An issue to die for! Your ”TV Winners and Losers” (#357, Dec. 13) was definitely one of the most entertaining ever — reading it on the StairMaster helped me whiz through two 40-minute workouts. And putting Jimmy Smits and Kim Delaney on the cover had both me and my husband fighting over who got to drool first!
Tell Jeff Bader, scheduling VP for ABC, to get off his a– and find a spot for Murder One. If it is indeed losing audience share, it most certainly isn’t the fault of the show.
firstname.lastname@example.org Anaheim, Calif.
I am appalled by EW’s use of racial slurs. You described how some people view the characters on the NBC Thursday-night shows as ”just a bunch of honkies” when trying to emphasize the fact that Fox is focusing its Thursday-night schedule toward a different audience. However, this choice of words was totally inappropriate. The term ”honky” is no different than any other racial slur.
MARC T. QUIGLEY
JUST ONE LOOK
I’ve been hooked on your magazine since the first time I saw an issue in June 1990. The video section featuring Ed Harris is all the more reason for me to continue my subscription. He may not get leading-man status like Tom Cruise or Harrison Ford, but his performances always stand out, no matter what role he plays. Thank you for showcasing one of Hollywood’s best performers.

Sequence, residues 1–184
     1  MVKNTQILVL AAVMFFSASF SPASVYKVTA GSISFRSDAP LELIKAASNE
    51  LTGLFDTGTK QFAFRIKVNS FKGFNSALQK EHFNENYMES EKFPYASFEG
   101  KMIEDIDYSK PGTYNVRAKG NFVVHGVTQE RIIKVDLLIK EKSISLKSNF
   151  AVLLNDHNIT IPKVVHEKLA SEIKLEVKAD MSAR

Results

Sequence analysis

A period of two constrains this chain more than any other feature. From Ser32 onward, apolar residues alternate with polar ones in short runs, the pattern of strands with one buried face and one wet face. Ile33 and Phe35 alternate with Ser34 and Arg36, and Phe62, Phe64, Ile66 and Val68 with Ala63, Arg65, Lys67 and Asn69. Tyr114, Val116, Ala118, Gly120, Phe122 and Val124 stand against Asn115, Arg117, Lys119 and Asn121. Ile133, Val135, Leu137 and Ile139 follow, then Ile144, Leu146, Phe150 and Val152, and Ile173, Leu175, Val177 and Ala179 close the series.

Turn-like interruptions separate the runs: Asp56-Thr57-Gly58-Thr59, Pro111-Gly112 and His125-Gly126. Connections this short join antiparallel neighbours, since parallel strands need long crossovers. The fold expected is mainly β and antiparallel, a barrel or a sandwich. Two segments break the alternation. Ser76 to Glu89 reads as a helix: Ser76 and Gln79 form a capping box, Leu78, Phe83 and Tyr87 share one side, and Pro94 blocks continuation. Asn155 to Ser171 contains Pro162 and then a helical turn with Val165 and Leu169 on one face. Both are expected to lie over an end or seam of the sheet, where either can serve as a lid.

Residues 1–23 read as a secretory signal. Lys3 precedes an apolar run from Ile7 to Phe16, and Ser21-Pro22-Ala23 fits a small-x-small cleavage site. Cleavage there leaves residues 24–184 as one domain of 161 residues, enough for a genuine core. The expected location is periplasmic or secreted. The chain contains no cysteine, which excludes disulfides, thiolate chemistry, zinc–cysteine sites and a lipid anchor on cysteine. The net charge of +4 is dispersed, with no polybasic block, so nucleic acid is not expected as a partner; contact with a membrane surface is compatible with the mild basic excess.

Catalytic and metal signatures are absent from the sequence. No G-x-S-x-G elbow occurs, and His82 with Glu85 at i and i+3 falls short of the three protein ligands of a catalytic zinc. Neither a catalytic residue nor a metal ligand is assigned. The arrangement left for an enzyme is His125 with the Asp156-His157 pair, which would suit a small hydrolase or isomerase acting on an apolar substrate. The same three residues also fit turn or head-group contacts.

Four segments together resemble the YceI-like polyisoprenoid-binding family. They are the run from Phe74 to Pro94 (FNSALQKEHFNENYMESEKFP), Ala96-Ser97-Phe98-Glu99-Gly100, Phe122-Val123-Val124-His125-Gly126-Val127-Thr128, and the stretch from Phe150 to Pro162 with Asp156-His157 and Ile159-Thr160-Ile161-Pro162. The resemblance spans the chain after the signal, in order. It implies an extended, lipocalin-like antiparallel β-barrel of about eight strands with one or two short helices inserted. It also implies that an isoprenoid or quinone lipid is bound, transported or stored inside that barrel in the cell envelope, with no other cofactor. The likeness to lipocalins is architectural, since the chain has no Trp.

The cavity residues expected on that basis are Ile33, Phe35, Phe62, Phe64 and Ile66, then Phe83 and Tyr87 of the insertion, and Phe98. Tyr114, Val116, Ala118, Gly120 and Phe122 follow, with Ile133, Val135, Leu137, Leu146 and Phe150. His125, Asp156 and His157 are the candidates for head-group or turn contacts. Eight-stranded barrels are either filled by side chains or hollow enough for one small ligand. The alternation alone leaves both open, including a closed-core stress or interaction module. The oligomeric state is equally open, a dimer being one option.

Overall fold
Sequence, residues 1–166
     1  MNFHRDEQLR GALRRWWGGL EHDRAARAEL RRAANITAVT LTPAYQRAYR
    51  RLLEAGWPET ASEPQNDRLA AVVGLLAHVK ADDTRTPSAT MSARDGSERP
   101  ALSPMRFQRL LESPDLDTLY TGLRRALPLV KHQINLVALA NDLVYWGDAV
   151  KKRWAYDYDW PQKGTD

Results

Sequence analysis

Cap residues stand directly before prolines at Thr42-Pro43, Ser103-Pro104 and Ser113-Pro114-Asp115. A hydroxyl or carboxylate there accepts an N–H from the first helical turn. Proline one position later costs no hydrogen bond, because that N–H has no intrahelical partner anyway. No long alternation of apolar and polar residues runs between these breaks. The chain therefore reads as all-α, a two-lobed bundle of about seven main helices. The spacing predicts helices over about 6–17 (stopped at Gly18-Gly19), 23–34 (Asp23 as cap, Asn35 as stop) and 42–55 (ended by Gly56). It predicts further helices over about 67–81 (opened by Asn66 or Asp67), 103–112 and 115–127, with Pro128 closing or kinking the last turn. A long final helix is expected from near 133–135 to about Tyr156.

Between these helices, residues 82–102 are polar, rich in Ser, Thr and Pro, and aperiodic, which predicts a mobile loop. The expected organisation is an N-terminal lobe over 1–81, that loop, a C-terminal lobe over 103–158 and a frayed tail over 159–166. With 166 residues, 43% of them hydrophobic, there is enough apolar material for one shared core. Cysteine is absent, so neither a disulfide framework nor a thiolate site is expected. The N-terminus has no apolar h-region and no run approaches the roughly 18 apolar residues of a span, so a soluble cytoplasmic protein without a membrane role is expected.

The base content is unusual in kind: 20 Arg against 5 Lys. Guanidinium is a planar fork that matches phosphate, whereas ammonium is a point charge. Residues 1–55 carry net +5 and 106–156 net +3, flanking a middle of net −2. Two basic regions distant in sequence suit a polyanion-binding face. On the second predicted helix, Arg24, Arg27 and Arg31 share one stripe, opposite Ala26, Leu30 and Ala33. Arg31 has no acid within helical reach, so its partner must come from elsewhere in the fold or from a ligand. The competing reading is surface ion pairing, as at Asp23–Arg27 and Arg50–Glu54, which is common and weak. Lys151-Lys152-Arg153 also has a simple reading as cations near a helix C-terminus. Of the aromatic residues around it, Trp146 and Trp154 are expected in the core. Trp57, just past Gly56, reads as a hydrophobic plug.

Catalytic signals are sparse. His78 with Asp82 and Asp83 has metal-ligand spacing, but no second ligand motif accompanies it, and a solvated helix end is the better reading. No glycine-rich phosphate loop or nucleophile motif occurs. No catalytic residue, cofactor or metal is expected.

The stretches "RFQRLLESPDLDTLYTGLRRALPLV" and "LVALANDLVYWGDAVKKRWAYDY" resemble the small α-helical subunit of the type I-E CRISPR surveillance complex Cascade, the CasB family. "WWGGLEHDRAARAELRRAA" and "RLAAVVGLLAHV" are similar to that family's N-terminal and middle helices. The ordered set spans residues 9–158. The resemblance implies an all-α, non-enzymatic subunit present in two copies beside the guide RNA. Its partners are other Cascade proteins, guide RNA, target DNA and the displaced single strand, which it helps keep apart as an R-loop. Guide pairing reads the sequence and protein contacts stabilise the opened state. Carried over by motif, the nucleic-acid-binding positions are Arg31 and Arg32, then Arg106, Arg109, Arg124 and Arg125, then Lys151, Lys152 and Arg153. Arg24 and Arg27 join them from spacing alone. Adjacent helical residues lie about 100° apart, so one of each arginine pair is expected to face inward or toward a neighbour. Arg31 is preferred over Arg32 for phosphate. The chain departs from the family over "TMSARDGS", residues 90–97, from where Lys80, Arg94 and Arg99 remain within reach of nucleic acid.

At first I couldn’t understand the concept of a Home Alone movie without Macaulay Culkin. He was the backbone of those films’ success because he had a natural charm, and it seemed unfair to dismiss him like that. When I read your article about his successor, Alex D. Linz, for Home Alone 3, I was pleasantly surprised. The youngster comes off every bit as natural, precocious, and witty as Mac was in the first two films.
New York City
RESPECT YOUR ELDARD
Am I the only one who remembers the brilliant Bakersfield P.D.? Three pages were devoted to Ron Eldard, but not one word was said about his starring role in the innovative Fox show. You could also mention B.P.D. in your write-ups on Laura Innes. She had a hilarious role as a freelance artist whose sketches tended to look more like celebrities than suspects.
No matter what he does or where he goes, Ron Eldard will always be Mickey Bunce (Drop Dead Fred) to me. Sure, he might want to forget about it, but that doesn’t mean that we should let him.
JESSICA ALOYSIUS MILLER
Hickory Hills, Ill.